The sub cultural world of international street art is captured firsthand through the eyes of a French immigrant in America, who opens his own gallery at the encouragement of his own documentary’s central participant.
AWARDS: Nominated for the Academy Award for Best Documentary Feature, 2010.
If you recognize any of the names billed in this energetic and much-hyped documentary feature, then you apparently have a solid grip on the pulse of the elusive and renegade world of street art and have little to learn from this film’s examinations. But this is not to say that you should skip it.
On the contrary, those who have a fondness for the guerilla-style production of post-graffiti and conceptual outdoor artwork will doubtlessly be entertained by getting the backstage perspective of these artists hard at work as they blend their wheat paste mixtures and spray-can aerosols with their passions and political opinions.
However, if, like me, you are new to this subject, then this movie can serve as an excellent tutorial to this enigmatic and subversive culture that can be considered outlawed expressionism. And, therefore, you probably have several questions regarding the subject matter.
First up: what is street art? The New York City born artist John Fekner, who was instrumental in the Street Art movement, defines the medium as “all art on the street that’s not graffiti.” This assessment creates a follow-up question: when does graffiti cease to be vandalism and become artwork? This conceptual inquiry can be re-worded to express an age-old conundrum that has plagued art lovers around the globe: Is it art just because it is on display?
“Exit Through the Gift Shop” presents a street art lover’s dreamteam of designers and conceptual escapists. And since these are the ones whose work is largely done without official approval in public places, this enables some great footage of them running from the police and pasting their designs in the small hours of the night under paranoid surveillance.
Most of the artists depicted in “Exit” are known by their pseudonyms and practice their craft in guarded secrecy, eluding the fans and authorities alike. Enter the director, Banksy.
Banksy is a world-renowned British graffiti artist of unconfirmed identity. With his face blurred and voice distorted on camera, the underground art superstar appears like a fugitive from justice or a witness in a federal relocation program. His manner of speech is eloquent and confident, yet not boisterous or self-righteous unlike so many popular and celebrated artists. His altered appearance in this film only magnifies his intriguing persona, which was already fairly captivating at the start.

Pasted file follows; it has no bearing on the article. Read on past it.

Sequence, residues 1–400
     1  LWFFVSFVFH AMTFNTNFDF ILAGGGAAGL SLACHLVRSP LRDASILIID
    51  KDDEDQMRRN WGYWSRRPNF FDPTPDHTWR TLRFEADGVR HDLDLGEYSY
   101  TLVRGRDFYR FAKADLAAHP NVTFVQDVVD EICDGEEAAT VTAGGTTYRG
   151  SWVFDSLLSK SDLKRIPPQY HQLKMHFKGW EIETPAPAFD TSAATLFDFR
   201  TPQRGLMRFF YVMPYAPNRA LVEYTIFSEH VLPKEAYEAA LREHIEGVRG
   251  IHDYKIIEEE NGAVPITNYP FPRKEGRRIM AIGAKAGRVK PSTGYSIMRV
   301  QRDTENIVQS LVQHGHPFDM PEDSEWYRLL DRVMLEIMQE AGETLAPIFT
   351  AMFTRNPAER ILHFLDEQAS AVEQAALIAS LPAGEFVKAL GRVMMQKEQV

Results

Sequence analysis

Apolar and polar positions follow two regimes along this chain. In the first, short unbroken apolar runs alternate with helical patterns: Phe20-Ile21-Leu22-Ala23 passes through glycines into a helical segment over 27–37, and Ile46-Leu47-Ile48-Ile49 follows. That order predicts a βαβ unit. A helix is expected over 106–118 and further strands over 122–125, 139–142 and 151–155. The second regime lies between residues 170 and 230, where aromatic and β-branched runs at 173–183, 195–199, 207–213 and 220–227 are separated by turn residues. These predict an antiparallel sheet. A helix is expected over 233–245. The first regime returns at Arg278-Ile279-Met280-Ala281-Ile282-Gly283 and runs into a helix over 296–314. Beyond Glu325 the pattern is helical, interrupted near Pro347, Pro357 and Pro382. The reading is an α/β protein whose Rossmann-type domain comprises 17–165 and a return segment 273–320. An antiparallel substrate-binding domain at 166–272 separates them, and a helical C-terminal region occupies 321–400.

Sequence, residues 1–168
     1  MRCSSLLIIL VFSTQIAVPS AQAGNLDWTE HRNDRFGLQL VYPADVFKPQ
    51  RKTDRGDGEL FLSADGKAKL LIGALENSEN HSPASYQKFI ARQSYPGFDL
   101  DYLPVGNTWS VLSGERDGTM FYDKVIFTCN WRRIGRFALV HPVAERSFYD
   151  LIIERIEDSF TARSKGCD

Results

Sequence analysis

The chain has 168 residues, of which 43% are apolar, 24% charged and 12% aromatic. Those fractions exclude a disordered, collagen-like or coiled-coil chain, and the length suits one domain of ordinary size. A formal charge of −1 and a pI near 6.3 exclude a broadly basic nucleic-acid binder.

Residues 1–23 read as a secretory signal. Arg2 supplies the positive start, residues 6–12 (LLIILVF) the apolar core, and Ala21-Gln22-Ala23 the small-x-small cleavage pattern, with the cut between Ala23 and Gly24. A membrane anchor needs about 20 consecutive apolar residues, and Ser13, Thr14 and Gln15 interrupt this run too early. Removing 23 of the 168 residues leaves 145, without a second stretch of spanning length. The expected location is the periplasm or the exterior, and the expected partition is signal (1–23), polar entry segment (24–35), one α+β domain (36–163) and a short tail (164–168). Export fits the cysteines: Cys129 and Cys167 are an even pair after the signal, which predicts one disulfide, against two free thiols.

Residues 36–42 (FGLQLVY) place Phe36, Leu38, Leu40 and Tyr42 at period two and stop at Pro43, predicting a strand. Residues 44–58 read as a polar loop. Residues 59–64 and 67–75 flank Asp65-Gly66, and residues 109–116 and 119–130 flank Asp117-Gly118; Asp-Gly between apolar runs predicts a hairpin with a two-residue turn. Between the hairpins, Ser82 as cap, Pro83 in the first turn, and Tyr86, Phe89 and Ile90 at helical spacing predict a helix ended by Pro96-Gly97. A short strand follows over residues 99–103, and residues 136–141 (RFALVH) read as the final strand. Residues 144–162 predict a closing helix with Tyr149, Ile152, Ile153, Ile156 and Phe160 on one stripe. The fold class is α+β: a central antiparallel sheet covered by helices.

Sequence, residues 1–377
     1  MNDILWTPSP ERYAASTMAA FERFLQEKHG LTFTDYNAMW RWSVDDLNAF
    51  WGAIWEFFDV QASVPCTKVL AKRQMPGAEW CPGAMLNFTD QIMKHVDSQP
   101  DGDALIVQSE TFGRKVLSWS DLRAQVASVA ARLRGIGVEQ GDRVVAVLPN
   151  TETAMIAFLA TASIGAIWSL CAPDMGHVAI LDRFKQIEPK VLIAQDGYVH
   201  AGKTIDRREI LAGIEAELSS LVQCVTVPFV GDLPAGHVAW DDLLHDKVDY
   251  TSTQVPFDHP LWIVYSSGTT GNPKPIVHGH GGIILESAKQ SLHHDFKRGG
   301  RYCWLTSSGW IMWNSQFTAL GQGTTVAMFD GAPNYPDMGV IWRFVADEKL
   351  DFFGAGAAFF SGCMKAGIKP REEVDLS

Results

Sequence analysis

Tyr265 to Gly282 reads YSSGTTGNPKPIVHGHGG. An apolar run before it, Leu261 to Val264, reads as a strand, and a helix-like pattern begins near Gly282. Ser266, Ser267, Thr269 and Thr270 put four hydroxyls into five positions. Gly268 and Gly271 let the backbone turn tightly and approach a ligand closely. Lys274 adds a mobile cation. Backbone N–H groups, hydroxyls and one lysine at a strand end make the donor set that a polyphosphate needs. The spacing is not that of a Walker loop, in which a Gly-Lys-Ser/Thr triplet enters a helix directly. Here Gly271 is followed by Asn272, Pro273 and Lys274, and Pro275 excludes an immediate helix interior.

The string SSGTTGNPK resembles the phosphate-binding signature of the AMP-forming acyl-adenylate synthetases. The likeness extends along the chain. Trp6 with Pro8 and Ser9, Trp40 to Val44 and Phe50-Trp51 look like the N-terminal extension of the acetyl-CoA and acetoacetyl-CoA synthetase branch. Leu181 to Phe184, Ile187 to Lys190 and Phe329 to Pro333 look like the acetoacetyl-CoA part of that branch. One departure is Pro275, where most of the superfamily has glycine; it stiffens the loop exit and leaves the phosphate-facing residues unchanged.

Ever see that Simpson’s couch gag where the 20th Century Fox logo becomes the sweatshop for enslaved doll makers and caged unicorns? That’s Banksy.
“Charlie Chaplin used to say, ‘Once I talk, I’m like any other comic’,” he told LA Weekly. “I figure I’d follow this lead.”
Like Chaplin’s meandering tramp, his achievements are global, as he has tagged the far four corners of the globe with his stencil knife and spray can. Fans of his work will definitely treasure the scenes of him and Thierry Guetta, a.k.a. Mr. Brainwash, infiltrating the civilized camp at Disneyland with an inflatable Guantanamo Bay prisoner doll. You have to see it to believe it.
And the greatest trick he performs in front of your eyes is the hijacking of the documentary you are currently watching.
At the film’s onset, “Exit” appears to be produced by the French wannabe-filmmaker Thierry Guetta (MBW). But after watching Guetta’s assistance and direction, which at times border on aimless and inept, it becomes obvious that Mr. Brainwash could never have put this package together. He may have shot tons of footage of these artists in their individual elements, but is this the man who could have edited something so flawless and engaging? (This question actually applies to MBW’s own subsequent artwork, which can be criticized for being anything but creative).
The answer is no. It is Banksy, the Lone Ranger of Street Art, who is responsible for the thriving heart beating behind this documentary. And while everyone discusses who will win the Oscar for Best Picture, I am more keen on seeing what will happen if he wins for Best Documentary.
In ways that seem magical, the subject and filmmaker switch places when Banksy discovers that Guetta (yeah, Mr. Brainwash) is incapable of editing a coherent story. Among all of the projects worthy of discussion presented in “Exit”, none makes the least sense as his self-promotional documentary “Life Remote Control”, which Banksy summarizes perfectly with a polite and softly mutated “errrrmm”. By taking charge of the filmed material, Banksy encourages MBW to produce his own gallery in Los Angeles, which raises even more questions behind the glorification and creation of new art.
And there is suspicion looming here as well. Like Henry Joost and Ariel Schulman’s captivating documentary “Catfish”, the story structure feels almost too perfect to be believable. There is, for instance, speculation that Banksy and Mr. Brainwash are the same person and that Guetta is only a figurehead for an even deeper system of subverted art. And before completely dismissing these conspiracies, ask yourself this: how did Guetta accumulate that much art so quickly?
But according to Banksy’s report in the LA Weekly, “every bit of it’s true.”
“Thierry is the living embodiment of the American dream,” he continues. “America’s capacity to be infuriating is matched only by its capacity to reinvent itself into something brilliant.”
And if you think a statement like that is hauntingly cryptic, wait until you see the English phone box he murdered in a London alley. There is also the elephant that Banksy painted with children’s watercolors and released at his own art show. Appropriately, nobody pointed it out.